Scammers have managed to swindle unsuspecting users out Bitcoins and Ethers using a fake Twitter account of Telegram CEO Pavel Durov.
Unknown scammers hacked the verified Twitter account of Swedish musical group Club 8 and changed it to look exactly like the original account of Pavel Durov, the creator of popular messaging service Telegram. The fraudsters then used his name to extract Bitcoins from his Twitter followers. The incident happened on Sunday amid technical problems with the Telegram platform, BlockShow has found.
How it all happened
On April 28, Durov announced technical problems with the service due to server clusters overheating, which might have caused connectivity issues for European users. His tweet drew the attention of crypto scammers, who published a false crypto giveaway tweet using a fake account. The tweet stated that Telegram’s CEO would offer Bitcoin and Ether coins to Telegram users as a “thank you for support and patience.”
Massive overheating in one of the Telegram server clusters may cause some connection issues for European users within the next couple of hours. Apologies for the inconvenience – the problem is being solved.
— Pavel Durov (@durov) April 28, 2018
The scammers followed a well-known giveaway scheme, asking for ETH and BTC to be sent to the specified addresses to get more coins in return. They also used bots to promote their scam and make it look legitimate.
Currently, the collateral damage is estimated at close to $500,000 though the actual amount may be even larger as scammers constantly change BTC and ETH addresses, according to the private investigation carried out by BlockShow.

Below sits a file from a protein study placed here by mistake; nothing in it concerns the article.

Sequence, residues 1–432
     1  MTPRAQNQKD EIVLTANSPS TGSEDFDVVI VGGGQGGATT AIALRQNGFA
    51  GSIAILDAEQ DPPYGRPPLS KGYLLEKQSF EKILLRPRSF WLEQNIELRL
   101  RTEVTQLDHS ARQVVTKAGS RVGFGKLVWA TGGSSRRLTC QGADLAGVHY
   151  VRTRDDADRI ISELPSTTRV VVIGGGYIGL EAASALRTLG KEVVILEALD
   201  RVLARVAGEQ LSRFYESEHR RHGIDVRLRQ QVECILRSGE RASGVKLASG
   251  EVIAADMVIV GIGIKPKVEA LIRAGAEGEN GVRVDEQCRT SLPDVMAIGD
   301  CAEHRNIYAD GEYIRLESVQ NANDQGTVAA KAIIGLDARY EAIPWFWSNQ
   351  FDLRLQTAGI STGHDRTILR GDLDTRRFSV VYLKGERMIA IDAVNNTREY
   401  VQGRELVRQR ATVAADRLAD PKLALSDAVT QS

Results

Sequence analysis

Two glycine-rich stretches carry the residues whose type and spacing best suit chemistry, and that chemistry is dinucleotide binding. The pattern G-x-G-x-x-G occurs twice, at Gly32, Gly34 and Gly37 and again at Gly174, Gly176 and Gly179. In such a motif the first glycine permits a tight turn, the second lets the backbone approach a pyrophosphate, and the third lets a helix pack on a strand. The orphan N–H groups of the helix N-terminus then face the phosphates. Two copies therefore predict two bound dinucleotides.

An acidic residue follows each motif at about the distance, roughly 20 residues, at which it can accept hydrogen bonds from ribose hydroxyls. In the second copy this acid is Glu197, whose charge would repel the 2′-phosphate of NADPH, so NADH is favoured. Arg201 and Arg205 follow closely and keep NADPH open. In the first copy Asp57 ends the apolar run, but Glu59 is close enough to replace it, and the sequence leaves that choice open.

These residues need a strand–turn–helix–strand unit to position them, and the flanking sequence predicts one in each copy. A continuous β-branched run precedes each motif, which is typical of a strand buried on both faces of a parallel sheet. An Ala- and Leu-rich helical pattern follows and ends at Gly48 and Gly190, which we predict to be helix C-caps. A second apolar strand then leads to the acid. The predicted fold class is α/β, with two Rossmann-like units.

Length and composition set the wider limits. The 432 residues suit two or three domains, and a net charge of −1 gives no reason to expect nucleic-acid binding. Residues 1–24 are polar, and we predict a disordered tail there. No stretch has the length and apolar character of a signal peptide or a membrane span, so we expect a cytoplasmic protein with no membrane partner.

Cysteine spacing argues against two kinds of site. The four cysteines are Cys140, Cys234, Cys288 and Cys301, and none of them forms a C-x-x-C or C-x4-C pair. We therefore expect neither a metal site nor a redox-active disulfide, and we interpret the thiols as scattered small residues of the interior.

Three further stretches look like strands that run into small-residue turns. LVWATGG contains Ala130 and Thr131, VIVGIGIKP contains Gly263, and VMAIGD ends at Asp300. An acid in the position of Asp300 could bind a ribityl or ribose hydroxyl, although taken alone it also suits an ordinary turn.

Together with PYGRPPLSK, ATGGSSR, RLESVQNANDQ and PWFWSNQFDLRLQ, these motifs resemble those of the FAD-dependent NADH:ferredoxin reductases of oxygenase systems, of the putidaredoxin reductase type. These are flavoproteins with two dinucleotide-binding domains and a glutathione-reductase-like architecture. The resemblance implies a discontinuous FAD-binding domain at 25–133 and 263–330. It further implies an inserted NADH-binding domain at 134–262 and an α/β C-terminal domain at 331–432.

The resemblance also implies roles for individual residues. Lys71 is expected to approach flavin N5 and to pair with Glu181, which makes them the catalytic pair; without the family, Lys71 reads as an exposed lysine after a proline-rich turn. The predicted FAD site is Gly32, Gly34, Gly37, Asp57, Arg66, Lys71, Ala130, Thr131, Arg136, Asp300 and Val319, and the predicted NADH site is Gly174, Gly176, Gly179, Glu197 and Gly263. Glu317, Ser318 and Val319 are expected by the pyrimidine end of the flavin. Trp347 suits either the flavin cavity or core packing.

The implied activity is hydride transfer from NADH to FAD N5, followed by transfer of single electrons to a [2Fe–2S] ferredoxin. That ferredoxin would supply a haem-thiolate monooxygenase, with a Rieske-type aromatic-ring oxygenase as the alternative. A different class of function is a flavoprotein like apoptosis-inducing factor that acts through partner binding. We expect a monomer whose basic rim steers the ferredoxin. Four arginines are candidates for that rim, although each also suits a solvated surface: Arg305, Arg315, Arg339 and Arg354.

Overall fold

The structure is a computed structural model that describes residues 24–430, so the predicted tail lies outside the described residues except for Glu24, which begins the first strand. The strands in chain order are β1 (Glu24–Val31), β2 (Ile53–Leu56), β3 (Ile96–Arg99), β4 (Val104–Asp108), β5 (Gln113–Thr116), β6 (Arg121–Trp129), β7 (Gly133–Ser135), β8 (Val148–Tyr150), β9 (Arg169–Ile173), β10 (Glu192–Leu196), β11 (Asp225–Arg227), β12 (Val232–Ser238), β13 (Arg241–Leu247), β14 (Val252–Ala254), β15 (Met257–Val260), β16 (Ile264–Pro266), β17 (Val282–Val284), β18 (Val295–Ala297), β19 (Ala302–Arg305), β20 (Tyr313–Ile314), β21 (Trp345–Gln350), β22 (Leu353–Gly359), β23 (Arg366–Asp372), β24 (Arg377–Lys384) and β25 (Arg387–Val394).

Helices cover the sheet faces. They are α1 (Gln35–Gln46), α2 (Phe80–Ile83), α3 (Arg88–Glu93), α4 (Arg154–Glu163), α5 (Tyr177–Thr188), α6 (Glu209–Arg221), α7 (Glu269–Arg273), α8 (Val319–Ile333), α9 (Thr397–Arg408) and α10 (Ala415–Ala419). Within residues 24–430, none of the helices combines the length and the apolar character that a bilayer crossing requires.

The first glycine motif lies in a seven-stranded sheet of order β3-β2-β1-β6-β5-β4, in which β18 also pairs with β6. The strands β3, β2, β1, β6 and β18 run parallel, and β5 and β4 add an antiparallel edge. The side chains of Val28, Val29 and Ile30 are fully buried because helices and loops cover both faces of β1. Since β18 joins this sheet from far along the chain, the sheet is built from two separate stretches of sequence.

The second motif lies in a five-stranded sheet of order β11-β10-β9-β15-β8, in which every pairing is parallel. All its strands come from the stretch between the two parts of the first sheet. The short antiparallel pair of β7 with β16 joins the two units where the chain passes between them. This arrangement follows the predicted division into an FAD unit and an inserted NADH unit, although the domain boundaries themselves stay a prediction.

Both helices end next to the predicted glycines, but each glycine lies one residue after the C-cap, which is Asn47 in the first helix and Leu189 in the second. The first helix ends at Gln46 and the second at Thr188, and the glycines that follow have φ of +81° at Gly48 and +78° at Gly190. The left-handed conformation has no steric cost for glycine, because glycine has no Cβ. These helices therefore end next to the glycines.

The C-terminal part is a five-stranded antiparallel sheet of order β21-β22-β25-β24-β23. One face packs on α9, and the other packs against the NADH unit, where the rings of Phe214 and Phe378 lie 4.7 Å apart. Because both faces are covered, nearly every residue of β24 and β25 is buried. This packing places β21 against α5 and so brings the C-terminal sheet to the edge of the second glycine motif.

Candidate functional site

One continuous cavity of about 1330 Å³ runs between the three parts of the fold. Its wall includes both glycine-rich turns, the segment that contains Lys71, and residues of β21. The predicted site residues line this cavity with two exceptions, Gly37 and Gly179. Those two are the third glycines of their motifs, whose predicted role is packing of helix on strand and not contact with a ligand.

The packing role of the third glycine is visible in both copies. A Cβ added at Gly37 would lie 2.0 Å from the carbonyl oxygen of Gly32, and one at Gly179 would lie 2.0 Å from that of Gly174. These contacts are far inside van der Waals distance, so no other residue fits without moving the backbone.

This time it’s different
It is not the first time when scammers have tried to rob people of their crypto coins by using the name of Pavel Durov. At the end of March, such “crypto draw game” script “earned” them about $60,000 in ETH, while in April fraudsters stole over $35,000 from people who wanted to take part in Telegram’s ICO. They used dozens of fake web pages with offers for Gram tokens ahead of the upcoming ICO.
This time, the scammers took it a step further as they managed to hijack a verified Twitter account, change its avatar and make it almost identical to the original. Apparently, this was done to get a verified account mark and make the whole scheme look legitimate and convincing.
Twitter has warned users to be careful and double check user names and cryptocurrency wallet addresses as most giveaway campaigns are scams. The efforts of the social media platform to crack down on crypto scams has produced no results so far.
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